The model will now be holding adults and children together in DHS facilities, and fashioning some system involving DHS and the U.S. Marshalls to take the adults to court and then return them to the DHS facilities. The administration will also do everything it can to expedite the asylum process, perhaps having judges work through claims on site at the DHS facilities or other expedients.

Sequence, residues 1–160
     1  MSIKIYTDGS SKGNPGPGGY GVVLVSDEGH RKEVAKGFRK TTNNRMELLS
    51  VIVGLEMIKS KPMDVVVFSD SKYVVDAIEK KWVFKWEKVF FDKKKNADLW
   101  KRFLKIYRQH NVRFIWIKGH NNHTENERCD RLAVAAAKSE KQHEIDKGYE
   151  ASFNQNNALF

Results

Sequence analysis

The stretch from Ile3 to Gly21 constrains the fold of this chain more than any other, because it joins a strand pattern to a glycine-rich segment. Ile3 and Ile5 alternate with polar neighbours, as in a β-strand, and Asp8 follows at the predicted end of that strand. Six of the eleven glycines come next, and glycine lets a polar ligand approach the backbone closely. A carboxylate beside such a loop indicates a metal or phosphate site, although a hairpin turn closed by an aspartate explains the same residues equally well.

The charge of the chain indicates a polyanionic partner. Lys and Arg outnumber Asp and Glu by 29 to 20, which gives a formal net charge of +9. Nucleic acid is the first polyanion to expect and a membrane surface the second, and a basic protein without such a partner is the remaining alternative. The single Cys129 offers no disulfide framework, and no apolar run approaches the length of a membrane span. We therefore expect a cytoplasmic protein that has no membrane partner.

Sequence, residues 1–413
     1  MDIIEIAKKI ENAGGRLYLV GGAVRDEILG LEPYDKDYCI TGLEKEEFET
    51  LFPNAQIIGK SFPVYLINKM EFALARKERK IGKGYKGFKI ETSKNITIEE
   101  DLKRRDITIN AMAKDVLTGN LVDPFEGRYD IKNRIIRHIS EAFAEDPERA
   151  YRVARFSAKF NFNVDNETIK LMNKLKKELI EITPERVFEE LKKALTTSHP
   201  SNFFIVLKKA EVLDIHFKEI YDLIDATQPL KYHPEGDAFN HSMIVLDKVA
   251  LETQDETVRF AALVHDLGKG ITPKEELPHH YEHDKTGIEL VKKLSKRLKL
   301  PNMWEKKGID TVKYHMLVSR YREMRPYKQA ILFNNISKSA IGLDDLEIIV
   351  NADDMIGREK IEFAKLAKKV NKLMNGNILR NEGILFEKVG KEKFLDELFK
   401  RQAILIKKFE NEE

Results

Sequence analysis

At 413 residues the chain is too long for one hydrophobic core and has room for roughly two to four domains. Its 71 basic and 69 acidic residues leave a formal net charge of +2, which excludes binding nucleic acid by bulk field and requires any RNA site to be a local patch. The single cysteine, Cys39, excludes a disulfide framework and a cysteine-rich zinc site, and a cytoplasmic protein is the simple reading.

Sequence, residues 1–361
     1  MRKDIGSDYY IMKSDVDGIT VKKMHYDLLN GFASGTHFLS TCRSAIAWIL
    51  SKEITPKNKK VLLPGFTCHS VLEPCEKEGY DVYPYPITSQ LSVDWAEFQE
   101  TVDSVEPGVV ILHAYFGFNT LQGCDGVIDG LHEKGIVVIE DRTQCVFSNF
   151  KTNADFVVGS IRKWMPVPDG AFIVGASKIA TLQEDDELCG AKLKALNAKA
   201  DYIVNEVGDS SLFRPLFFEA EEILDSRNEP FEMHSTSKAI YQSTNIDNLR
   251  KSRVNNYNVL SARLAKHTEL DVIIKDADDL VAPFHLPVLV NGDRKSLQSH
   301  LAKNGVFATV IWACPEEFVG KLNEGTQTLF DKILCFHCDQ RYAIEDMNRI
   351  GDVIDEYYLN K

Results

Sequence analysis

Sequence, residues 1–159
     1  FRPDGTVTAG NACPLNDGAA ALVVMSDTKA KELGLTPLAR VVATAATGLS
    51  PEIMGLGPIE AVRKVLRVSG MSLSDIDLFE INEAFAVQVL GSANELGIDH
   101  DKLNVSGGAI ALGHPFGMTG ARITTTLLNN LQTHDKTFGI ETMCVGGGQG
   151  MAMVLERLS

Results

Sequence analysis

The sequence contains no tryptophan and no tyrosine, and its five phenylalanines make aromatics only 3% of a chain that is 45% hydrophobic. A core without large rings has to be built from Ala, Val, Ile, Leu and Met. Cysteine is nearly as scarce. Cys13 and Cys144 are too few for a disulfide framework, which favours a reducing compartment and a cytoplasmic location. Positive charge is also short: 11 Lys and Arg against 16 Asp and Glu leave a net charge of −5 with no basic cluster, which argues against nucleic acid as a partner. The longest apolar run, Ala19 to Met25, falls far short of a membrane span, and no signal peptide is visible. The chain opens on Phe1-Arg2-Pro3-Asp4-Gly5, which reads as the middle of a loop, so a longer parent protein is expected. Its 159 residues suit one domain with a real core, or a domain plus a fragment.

This is a sensible framework, but we have seen over the last couple of weeks the difference between writing a policy on paper and implementing it (the Wall Street Journal has a good story today on the insane bureaucratic obstacles one family encountered trying to get an eight-year-old back after a separation). The practical problem with the new policy is, of course, limited capacity and limited legal authority. My understanding is that DHS currently has three family facilities — two in Texas and one in Pennsylvania. It will try to come up with more space quickly to the extent it can, but this isn’t easy (and re-purposing military space may require congressional action). Plus, the Flores Consent decree remains in place. Absent relief from the Ninth Circuit or legislation from Congress, after 20 days the administration will have to decide whether to release children and parents together or release children separately. After the uproar of the last couple of weeks, it’s hard to see how separations in any form will be defensible.